Test Prep: Assessments, Centers, and a FREEBIE

Here in Illinois we currently have just a week and a half until THE test!  It always seems to sneak up out of nowhere and I’m usually in a crunch to get in every last standard.  This year I decided to make a one-page assessment for each of the five math domains of the Common Core.  I gave these short assessments a few weeks ago to get an overview of which standards I could skim over and which needed more in-depth review.  I'm also using them to target specific students for intervention groups.   

As you can see from the above examples, my kids were pretty solid in Base 10 and Geometry, so we only needed a couple days to review those concepts.  They struggled a lot with some of the Measurement and Data standards, so I allotted enough time to go over those standards in depth. 

Line plots are always very tricky, but we had a lot of fun with these new task cards I made.  My students used vis-à-vis markers to complete the line plots of the various sets of data.  They scanned the QR codes to self-check their answers.  I do have this same set without QR codes as well.:)

My freebie for you is an assessment that’s included in my line plot task cards.  All my task card sets include a quick assessment that you can use in the center or later as a quiz grade.  I hope you can find it useful.  Click the image to grab it for free.:)

Geometry Apps and Activities for iPads

Geometry is one of my all-time favorite units to teach because it’s easy to make it hands-on and applicable to the real world.  My kids are OBSESSED with the new Cyberchase Shape Quest app by PBS Kids.  Their favorite game to play is Patch The Path, which uses 3D augmented reality.  Students need to use spatial reasoning and modeling to “patch” the path so the animals can get across.  I took a short video of one of my girls playing it so you can get the gist of how it’s played.  

They also love playing Hide and Seek, for which they must uncover specific shapes to find their animal friends.  This game is great for practicing and reviewing geometry vocabulary.  Did I mention this app is free?!  I highly recommend it!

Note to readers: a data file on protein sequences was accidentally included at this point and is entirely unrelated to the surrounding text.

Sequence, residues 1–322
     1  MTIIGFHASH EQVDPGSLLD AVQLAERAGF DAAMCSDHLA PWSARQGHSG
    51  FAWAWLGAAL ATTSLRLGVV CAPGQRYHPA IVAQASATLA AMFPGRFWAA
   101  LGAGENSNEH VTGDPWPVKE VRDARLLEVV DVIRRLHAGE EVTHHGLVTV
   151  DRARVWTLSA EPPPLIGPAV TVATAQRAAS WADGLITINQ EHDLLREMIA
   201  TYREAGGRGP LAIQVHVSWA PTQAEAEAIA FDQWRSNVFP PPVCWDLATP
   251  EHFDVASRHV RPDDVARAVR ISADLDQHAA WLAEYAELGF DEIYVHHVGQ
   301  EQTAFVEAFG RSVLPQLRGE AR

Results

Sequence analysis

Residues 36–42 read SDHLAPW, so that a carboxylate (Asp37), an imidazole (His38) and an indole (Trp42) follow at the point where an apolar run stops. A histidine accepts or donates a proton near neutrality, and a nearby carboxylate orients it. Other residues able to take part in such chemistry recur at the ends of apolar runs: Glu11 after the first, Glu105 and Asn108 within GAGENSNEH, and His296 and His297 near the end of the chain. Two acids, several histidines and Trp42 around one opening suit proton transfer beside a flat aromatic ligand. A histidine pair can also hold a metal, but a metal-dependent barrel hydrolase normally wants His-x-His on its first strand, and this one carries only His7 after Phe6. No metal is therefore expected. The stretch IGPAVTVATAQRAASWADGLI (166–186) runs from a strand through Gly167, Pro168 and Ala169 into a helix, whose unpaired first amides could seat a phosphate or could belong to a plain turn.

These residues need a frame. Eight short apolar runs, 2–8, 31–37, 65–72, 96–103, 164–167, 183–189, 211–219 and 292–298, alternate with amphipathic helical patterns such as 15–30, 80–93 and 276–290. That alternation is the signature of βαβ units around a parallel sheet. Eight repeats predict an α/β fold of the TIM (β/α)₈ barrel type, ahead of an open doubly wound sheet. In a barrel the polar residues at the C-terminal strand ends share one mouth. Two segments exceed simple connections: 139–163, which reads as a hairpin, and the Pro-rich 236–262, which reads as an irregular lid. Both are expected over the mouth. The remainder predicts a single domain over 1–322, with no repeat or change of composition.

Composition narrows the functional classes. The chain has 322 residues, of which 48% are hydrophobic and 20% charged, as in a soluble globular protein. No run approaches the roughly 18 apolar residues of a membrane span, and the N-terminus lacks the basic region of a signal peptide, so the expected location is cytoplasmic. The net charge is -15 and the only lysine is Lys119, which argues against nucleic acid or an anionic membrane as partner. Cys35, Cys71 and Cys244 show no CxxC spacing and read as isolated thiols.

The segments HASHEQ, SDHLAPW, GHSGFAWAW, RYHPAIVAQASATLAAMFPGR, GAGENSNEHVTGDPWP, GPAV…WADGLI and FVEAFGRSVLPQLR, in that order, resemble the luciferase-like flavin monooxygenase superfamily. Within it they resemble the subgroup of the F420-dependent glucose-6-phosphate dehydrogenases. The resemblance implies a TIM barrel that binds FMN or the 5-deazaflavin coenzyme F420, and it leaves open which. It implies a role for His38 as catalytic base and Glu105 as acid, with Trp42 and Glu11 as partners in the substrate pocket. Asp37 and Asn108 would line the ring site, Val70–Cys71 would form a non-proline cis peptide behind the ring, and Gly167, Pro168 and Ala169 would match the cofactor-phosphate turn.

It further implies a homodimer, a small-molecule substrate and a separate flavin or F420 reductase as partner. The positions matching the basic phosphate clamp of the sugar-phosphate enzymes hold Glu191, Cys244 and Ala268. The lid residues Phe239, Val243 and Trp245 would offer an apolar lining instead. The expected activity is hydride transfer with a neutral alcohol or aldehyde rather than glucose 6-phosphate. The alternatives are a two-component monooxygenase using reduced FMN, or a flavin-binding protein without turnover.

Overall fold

Another activity I love doing with the iPads is taking pictures of geometry concepts around our school.  The kids used the free app Skitch to mark up their photos so it was clear which geometric terms were being represented.  
Then we made collages using the marked-up photos in Pic Collage.  They turned out pretty good if you ask me.:)
As with most math concepts I teach, I put a couple of QR code scavenger hunts up around the room for the kids to complete during centers.  This one has them identifying various polygons.
And this one, which is a FREEBIE in my store, has them identifying types of lines and angles.  The QR code on each phone leads them to the next term until the hunt is completed. 
I’ll leave you with some FREE geometry posters in case you haven’t grabbed these from my store before.  
Maybe some of these ideas can help get you through test prep season.;)

Valentine's Day Math Freebies

It's beginning to look at lot like Valentine's Day in my classroom!  Here are two freebies you can use with your upper elementary students to celebrate the holiday.

The first one is a mixed number/improper fraction matching activity.
The second one is a prime and composite number sort.  The students can self-check their answers by scanning the QR code.

Hope you enjoy!:)

Nonfiction Text Structures

For much of January we’ve been focusing on identifying text structure in nonfiction text (CC anchor standard #5).  I took my time reviewing one type of structure at a time so my kids could get a good grasp on each one.  Here they are during reader’s workshop with varying levels of animal books looking for problem/solution situations. 

I’ve found that animal books are great for teaching text structure since they usually include most of the structures—especially problem/solution and description.  Plus the kids love learning about animals!

Since we recently studied the human body in science, I created this text structure sorting activity to integrate a little science into our reading block.

As I was brainstorming ideas for a culminating project, I came across this post by Teaching with a Mountain View and just tweaked her idea a bit.  I let my kids choose any topic that they could write information about (most of them chose animals).  Their task was to write very short passages about their topic using each of the structures we studied.  They used books in our classroom library as well as some online resources to do their research.   

The kids decided that Prezi would be cool way to display their information and share with each another.  They ended up doing a fantastic job with this project and loved presenting their Prezis on the SMART Board.  Here are a couple of theirs.

Now that my kiddos have had the experience of writing using each structure, they’re much better at identifying text structure in their own independent reading.